Examining paragraph 1, subparagraph (b) that states that “States Parties shall take all appropriate measures to eliminate discrimination against women in all matters relating to marriage and family relations…” in particular granting “The same right freely to choose a spouse and to enter into marriage only with their free and full consent”, Muslims fear that the law would permit Muslim women to choose to marry non-Muslim men which’s forbidden in Islam. I’m not going to delve into this debate to avoid digressing from the main issue here. It’s important to note that the Lebanese state has made reservations to article 16 (paragraph 1, subparagraphs c, d, f, g), among other articles, that pertain to giving women the same responsibilities as men during marriage and its dissolution, the same rights and responsibilities as men in matters relating to their children, the same rights and responsibilities as men with regard to guardianship, wardship, trusteeship, and adoption of children, and the same personal rights including the right to choose a family name, a profession and an occupation.  Although these subparagraphs don’t pose a “threat” to Islamic beliefs, they may conflict with the Middle Eastern traditions. Some Middle Eastern men and NOT NECESSARILY MUSLIM men fear that the patriarchy they once enjoyed could be threatened by the law.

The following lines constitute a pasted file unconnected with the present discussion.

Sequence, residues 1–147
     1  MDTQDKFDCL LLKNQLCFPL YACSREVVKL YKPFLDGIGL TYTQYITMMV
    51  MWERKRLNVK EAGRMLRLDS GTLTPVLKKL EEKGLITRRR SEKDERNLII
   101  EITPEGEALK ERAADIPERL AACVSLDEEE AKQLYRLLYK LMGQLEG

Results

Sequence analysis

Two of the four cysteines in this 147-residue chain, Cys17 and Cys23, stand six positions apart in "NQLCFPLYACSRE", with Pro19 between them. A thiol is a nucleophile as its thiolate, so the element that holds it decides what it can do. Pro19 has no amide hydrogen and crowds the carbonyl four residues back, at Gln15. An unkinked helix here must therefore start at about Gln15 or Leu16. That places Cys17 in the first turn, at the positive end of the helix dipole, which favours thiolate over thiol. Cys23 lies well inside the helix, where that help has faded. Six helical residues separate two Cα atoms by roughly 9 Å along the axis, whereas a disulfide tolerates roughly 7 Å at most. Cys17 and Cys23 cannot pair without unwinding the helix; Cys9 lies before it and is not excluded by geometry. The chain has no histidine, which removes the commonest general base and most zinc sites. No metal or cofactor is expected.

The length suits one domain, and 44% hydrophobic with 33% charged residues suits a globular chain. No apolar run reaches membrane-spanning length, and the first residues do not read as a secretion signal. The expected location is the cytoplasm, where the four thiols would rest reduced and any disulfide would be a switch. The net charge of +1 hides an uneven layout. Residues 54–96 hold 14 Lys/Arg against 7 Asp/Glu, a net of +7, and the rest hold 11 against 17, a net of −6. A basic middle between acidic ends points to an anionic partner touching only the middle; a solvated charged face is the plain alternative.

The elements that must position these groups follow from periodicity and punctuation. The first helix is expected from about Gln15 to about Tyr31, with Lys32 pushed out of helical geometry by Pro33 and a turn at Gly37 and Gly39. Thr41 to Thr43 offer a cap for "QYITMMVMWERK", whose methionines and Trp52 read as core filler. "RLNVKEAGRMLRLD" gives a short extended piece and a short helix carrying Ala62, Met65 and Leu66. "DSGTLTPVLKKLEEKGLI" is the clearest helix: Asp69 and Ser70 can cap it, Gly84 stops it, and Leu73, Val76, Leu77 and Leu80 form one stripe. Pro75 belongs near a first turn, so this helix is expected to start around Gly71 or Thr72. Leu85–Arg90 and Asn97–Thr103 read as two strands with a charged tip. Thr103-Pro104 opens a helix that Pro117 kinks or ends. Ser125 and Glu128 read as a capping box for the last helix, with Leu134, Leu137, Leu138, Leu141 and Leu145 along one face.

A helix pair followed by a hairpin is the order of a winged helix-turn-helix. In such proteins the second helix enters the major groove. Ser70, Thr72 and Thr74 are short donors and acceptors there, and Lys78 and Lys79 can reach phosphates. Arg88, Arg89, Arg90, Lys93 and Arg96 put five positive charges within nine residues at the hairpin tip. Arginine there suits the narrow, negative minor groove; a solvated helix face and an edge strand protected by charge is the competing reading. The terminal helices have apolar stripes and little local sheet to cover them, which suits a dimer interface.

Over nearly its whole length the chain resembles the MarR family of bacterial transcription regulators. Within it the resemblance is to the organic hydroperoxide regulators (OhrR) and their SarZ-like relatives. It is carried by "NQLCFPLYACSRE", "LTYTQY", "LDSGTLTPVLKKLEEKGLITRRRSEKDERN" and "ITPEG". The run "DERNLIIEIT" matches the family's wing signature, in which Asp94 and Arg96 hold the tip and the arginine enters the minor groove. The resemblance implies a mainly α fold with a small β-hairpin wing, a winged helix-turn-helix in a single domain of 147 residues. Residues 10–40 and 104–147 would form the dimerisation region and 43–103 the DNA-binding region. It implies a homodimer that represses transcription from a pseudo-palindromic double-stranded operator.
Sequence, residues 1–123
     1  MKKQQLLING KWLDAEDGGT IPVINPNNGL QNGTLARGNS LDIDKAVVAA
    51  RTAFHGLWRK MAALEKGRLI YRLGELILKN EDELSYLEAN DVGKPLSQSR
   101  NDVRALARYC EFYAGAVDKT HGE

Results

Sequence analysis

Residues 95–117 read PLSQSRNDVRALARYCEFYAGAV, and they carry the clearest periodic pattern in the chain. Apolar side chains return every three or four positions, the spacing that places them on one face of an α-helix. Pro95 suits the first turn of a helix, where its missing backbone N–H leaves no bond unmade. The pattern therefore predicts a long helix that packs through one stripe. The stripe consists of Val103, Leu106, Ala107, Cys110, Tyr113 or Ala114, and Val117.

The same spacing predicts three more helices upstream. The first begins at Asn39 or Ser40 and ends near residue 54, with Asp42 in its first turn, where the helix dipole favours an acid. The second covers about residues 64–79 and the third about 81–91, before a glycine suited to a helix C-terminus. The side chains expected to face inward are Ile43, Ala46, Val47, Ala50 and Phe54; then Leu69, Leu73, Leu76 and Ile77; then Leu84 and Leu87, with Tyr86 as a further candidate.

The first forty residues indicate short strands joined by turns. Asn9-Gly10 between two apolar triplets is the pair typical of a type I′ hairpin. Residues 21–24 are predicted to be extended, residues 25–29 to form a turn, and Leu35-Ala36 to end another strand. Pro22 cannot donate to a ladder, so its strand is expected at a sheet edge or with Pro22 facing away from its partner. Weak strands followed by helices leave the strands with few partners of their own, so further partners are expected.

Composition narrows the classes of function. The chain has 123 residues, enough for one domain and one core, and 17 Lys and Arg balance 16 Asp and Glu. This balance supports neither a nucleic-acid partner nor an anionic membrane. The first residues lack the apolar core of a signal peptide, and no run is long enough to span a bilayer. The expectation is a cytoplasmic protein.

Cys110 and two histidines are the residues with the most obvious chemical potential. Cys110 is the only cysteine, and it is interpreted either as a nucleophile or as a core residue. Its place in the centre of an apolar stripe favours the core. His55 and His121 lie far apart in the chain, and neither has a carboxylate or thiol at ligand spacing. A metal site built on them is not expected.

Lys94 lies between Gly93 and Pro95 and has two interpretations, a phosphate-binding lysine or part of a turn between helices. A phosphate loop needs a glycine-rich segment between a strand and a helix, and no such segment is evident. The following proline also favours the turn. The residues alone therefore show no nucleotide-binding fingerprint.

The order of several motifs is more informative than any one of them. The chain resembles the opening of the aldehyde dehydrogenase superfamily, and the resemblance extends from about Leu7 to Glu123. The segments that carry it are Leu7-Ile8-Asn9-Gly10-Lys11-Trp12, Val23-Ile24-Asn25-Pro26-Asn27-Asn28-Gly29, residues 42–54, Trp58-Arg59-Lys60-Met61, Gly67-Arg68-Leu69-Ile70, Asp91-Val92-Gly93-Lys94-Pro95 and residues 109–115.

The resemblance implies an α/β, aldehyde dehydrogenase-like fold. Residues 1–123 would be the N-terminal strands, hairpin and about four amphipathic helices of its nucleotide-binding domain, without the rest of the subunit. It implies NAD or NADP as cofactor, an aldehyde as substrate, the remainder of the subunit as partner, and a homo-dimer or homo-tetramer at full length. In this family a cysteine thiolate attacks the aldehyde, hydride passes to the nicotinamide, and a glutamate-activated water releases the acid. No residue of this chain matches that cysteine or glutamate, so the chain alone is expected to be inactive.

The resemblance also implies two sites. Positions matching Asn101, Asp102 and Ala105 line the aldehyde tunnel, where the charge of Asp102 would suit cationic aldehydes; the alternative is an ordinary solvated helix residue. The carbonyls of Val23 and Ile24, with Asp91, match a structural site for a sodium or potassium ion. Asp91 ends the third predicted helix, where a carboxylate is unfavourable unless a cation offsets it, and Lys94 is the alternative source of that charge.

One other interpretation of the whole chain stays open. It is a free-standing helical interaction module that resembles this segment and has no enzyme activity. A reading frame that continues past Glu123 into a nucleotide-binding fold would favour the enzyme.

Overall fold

Mufti Qabbani should bear in mind that Lebanon is a multi-confessional society…there are also secular Lebanese…  This law is not directed to Muslims only…It’s not intended to banish Islamic societies (and for God’s sake when someone argue with me about this law, please give me another plea than this. This is way outdated.) With all the respect, rejecting the law is a mere act of rashness and bigotry…

Finally, I ask the Mufti and all the Islamic women organizations to reconsider the law with all of its articles. They’ve done wrong to Islam as they contributed to the already distorted image of Islam as a religion that suppresses women’s rights… I also ask his PR committee to consider the wording of the report and not to reject it as a whole but to have some reservations on it. (Consider the headlines of the various newspapers and you know what I’m talking about: http://www.assafir.com/Article.aspx?EditionId=1879&ChannelId=44278&ArticleId=2862&Author=سعدى علوه )

Note: I’m not an expert in laws or in Islamic jurisprudence.

It’s great seeing all these online petitions asking for fast internet and declaring that internet should be a HUMAN RIGHT for every Lebanese, but it becomes a bit ironic seeing all these people living within the Lebanese territories struggling to achieve the very most basic human rights from food, shelter, medicine, and proper living…